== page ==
Nicholson Canyon Simulation

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Revision as of 04:47, 9 August 2011
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(Problem Definition)
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These simulations are run as a 2D vertical slice (i.e. assuming that the canyon and landslide are infinitely long and that there is no movement in the along-canyon direction These simulations are run as a 2D vertical slice (i.e. assuming that the canyon and landslide are infinitely long and that there is no movement in the along-canyon direction
-=== Creating Solid Block ===+=== Generating the Landslide Body Geometry ===
-First we need to create a gts object that is the sliding block. One difficulty is that we have to ensure that the block is very close to the edges of the domain while still all lying inside the domain (otherwise those points lying outside the domain get 'left behind'). In the two dimensional simulation we still need a three dimensional block to ensure that it properly intersects the domain. This is made by first creating points on the surface of the block using an .awk file and then triangulating them using the gts delaunay triangulation +First we need to create a .gts object that is the sliding block. One difficulty is that we have to ensure that the block is very close to the edges of the domain while still all lying inside the domain (otherwise those points lying outside the domain get 'left behind'). In the two dimensional simulation we still need a three dimensional block to ensure that it properly intersects the domain. This is made by first creating points on the surface of the block using an .awk file and then triangulating them using the gts delaunay triangulation
<source lang=bash> <source lang=bash>
# Generating points using .awk file # Generating points using .awk file

Revision as of 04:48, 9 August 2011

Contents

Problem Definition

These simulations are loosely based on the geometry of the Nicholson Canyon in Cook Strait. It assumes a simple sliding block with a prescribed velocity. This work is similar to that of the benchmark cases of Enet et al. and Liu et al. with the difference being that while the two benchmark cases involved laboratory scales this simulation involves realistic geophysical scales.

Two-Dimensional Simulations

These simulations are run as a 2D vertical slice (i.e. assuming that the canyon and landslide are infinitely long and that there is no movement in the along-canyon direction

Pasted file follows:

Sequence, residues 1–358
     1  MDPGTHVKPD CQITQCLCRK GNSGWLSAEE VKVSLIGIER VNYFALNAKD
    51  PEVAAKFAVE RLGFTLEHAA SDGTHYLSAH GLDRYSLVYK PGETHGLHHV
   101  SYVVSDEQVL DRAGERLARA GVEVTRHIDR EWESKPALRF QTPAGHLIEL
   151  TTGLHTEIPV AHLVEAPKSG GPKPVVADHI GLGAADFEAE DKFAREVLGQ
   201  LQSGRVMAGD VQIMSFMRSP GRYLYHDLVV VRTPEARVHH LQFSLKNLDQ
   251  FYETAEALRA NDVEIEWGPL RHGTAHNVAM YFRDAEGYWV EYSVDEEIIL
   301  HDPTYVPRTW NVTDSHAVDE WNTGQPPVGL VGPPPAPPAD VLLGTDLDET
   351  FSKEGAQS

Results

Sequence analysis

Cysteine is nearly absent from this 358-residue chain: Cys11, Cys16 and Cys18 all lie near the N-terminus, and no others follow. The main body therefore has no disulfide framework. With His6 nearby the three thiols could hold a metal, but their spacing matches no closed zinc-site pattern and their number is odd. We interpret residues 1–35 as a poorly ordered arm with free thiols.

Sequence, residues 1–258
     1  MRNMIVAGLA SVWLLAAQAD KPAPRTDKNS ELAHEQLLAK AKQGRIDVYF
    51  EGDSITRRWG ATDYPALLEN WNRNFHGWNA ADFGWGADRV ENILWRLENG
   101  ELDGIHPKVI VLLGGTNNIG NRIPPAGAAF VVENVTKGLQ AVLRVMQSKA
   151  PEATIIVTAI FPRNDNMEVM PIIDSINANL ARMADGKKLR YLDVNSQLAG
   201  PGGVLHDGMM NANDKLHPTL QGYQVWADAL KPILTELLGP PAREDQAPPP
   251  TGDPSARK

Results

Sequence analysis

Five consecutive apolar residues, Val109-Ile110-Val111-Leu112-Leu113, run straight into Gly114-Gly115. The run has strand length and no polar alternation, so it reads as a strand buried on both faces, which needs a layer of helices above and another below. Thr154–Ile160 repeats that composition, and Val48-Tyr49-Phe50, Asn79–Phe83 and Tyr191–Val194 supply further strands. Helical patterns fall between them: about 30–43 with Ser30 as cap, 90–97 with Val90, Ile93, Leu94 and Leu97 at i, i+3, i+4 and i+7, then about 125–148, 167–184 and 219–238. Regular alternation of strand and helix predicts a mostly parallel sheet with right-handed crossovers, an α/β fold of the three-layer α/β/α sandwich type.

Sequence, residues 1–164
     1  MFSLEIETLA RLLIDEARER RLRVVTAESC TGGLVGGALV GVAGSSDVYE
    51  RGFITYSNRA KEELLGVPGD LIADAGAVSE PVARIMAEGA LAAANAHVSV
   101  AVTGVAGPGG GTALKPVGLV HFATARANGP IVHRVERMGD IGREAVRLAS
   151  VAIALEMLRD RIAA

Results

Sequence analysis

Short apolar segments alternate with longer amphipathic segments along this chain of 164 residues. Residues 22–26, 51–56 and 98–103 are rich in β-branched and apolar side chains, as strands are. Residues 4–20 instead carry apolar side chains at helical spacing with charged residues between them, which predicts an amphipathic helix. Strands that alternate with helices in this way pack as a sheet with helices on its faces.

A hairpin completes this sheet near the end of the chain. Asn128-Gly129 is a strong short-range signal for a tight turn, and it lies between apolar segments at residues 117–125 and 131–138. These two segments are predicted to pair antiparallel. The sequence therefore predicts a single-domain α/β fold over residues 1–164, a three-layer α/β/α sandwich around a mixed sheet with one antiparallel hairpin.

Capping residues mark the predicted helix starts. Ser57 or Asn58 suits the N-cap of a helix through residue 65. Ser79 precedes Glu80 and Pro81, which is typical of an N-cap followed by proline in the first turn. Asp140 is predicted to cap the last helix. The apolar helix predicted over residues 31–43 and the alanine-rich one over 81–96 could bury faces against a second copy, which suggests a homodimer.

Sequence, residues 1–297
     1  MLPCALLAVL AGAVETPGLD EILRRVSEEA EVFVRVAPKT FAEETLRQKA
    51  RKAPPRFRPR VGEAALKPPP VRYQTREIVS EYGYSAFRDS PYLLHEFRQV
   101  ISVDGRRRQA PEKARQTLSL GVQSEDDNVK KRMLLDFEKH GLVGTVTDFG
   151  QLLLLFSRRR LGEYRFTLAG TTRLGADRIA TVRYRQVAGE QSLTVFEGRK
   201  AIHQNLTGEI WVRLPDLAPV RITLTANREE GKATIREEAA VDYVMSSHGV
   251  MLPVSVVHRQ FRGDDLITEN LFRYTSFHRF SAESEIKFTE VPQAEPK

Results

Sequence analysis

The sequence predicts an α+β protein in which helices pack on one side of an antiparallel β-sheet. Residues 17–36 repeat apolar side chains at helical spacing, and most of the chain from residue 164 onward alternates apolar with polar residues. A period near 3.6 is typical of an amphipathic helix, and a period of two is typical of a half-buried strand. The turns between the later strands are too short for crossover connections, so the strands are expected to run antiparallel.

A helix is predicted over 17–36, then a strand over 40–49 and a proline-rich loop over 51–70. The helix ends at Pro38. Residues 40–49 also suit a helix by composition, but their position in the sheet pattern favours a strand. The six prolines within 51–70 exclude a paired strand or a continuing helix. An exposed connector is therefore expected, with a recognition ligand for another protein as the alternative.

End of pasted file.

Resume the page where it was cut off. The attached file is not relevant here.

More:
Generating the Landslide Body Geometry

First we need to create a .gts object that is the sliding block. One difficulty is that we have to ensure that the block is very close to the edges of the domain while still all lying inside the domain (otherwise those points lying outside the domain get 'left behind'). In the two dimensional simulation we still need a three dimensional block to ensure that it properly intersects the domain. This is made by first creating points on the surface of the block using an .awk file and then triangulating them using the gts delaunay triangulation

# Generating points using .awk file
awk -f nicholson.awk > points.tmp
# Delaunay triangulation and transformation using gts tools
( wc points.tmp | awk '{print $1" 0 0"}'; cat points.tmp ) | gtsdelaunay -d | gtstransform --rx=-90 > nichol_test.gts
# Shifting points to the domain boundary
sed -e "s/ -0.0168/0/g" < nichol_test.gts > nichol_testout.gts


The .awk file used to generate the points is

BEGIN {
a=0.272
b=1.7
alpha=atan2(a,b);
h=a*cos(alpha);
l1=b*cos(alpha);
l2=a*sin(alpha);
 
for (k=0; k <= 100; k++) {
for (i=-1; i <= 100; i++) { printf("%5.4f %5.4f %5.4f\n",l1*i/100, -
0.85+1.7*k/100 , h*i/100) }
for (i=1; i <= 101; i++) { printf("%5.4f %5.4f %5.4f\n",l1+l2*i/100,
-0.85+1.7*k/100, h*(1-i/100)) }
}
 
 
dx=1.0e-4
k=0.
j=-1.
for (i=-1; i <= 100; i++) { printf("%5.4f %5.4f %5.4f\n",l1*i/100, -0.
85+1.7*k/100-dx,h*j/100) }
for (i=1; i <= 101; i++) { printf("%5.4f %5.4f %5.4f\n",l1+l2*i/100, -
0.85+1.7*k/100-dx,h*j/100) }
 
k=100.
for (i=-1; i <= 100; i++) { printf("%5.4f %5.4f %5.4f\n",l1*i/100, -0.
85+1.7*k/100+dx,h*j/100) }
for (i=1; i <= 101; i++) { printf("%5.4f %5.4f %5.4f\n",l1+l2*i/100, -
0.85+1.7*k/100+dx,h*j/100) }
}

Creating Probes

The height of the water

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